Towns and cities spend lots of time and energy wooing companies. Often, they get little in return besides broken promises.
A new state program matches companies with participants.
According to a new study, the city attracts the young and college-educated at some of the highest rates in the country.
Boosters promise a city poised to become the next start-up hub. But driving around the downtown's empty streets, I'm not so sure I see a rosy future.
Easing visa restrictions has led to an 8.6 percent jump in travel to the United States from abroad.
The industry has contracted, and adapted.
And they paid nearly 40 percent of the state's cigarette tax revenue.
Project Row Houses transforms Depression-era homes into a community art museum and affordable housing.
The states with the highest share of tax non-payers may actually contain the very conservative votes that Romney needs.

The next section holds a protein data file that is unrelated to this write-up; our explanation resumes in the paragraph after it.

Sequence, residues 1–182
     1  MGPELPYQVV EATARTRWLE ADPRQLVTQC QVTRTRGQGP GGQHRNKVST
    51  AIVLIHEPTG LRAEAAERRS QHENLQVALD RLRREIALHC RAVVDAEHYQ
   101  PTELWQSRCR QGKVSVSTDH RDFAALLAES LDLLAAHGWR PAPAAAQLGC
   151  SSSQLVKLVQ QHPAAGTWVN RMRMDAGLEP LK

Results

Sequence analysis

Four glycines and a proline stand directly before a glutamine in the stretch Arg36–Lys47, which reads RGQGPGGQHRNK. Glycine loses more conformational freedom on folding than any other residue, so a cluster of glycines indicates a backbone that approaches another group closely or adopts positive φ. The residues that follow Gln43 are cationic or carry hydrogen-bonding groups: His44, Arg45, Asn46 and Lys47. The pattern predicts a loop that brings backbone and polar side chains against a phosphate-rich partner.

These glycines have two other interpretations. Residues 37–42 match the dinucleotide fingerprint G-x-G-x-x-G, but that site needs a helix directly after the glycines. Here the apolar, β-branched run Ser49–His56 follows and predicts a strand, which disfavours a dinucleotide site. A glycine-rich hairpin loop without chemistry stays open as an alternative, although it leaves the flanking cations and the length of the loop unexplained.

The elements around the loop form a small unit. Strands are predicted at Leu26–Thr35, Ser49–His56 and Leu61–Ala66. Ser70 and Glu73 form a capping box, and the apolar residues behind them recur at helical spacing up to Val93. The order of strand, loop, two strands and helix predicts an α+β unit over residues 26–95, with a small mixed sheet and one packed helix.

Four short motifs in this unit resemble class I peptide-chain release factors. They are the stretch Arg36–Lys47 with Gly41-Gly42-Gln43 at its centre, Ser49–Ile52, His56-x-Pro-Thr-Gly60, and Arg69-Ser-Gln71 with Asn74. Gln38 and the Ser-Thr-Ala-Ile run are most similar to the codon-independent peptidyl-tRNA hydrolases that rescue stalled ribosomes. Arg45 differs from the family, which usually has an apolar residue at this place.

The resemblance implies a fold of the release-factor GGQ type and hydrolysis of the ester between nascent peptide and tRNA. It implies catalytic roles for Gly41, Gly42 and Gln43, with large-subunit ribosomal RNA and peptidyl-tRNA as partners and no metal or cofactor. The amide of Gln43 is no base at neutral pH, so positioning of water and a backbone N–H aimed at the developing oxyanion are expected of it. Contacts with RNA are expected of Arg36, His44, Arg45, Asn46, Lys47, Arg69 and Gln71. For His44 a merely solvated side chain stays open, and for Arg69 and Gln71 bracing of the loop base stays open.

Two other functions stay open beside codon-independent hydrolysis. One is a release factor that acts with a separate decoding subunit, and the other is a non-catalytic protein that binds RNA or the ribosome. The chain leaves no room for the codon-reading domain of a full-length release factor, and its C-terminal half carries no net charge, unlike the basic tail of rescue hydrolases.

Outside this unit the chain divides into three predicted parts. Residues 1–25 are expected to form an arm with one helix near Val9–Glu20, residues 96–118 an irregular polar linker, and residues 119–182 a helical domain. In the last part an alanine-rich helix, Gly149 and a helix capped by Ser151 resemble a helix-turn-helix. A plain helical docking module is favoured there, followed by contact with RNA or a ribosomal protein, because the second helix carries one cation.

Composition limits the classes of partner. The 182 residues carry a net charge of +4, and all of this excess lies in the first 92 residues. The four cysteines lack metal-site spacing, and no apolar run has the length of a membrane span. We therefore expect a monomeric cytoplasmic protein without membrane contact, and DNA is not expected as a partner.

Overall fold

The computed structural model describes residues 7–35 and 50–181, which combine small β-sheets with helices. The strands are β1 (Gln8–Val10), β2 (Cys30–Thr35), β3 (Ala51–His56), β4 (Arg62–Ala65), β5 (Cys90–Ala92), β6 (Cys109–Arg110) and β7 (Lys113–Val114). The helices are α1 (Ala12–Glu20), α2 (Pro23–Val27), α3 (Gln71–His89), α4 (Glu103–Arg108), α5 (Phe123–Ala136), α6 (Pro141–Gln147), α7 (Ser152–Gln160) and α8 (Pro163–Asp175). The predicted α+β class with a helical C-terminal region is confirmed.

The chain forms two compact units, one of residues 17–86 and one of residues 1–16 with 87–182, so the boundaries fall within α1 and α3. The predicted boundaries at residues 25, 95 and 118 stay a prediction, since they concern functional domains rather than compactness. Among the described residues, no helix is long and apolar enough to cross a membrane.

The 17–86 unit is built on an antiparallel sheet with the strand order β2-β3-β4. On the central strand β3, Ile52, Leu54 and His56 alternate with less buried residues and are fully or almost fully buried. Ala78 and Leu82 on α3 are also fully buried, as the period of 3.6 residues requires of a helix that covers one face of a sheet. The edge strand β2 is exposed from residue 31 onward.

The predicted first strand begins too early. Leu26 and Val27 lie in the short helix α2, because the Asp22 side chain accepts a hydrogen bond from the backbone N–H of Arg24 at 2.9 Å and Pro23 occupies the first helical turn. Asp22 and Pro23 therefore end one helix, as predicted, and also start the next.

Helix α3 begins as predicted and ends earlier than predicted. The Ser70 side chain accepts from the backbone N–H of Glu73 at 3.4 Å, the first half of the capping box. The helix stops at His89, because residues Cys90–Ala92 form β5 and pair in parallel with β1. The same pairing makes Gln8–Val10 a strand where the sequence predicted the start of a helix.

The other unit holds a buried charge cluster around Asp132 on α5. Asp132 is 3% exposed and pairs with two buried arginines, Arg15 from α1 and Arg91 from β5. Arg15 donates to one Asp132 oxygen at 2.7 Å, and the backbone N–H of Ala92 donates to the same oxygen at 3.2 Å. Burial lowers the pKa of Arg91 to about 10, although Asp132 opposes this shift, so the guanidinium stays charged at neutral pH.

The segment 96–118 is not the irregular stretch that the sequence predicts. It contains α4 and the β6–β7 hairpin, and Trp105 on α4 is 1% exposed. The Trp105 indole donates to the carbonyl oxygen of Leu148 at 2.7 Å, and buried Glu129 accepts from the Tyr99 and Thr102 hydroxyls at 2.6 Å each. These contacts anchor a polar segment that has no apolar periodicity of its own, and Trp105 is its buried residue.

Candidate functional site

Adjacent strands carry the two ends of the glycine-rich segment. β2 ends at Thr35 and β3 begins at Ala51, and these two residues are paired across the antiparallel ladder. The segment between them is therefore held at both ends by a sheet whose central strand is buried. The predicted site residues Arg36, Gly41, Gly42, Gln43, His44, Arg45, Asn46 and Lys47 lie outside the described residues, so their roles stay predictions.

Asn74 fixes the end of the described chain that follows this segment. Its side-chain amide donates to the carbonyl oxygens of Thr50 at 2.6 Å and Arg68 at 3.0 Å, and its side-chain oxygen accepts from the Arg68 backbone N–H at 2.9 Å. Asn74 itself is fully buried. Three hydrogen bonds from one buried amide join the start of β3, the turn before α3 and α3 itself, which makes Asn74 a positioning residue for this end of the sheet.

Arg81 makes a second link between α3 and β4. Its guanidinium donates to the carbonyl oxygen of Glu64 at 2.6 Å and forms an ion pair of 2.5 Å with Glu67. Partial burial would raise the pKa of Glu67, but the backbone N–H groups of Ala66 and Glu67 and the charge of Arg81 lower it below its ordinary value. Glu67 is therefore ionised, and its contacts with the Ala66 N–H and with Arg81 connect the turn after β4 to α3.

The flow of entrepreneurial talent and which metros are "producing," "exporting," "importing," and "consuming" it.
Also, a flatulent doll teaches South Koreans to poop and dinosaur commodes rumble into New Zealand.
Beyond any impending bubble in education and health care spending, these two sectors are not a source of economic development in the first place.
New research says men change their spending habits when they outnumber women.
Over time, the crisis has hit wages and salaries much harder in some metros than in others.
The British government hopes so.
One in seven young Americans are neither working nor going to school.
Even after a generation of stagnating market wages, taxing the poor less and spending more money on them is working.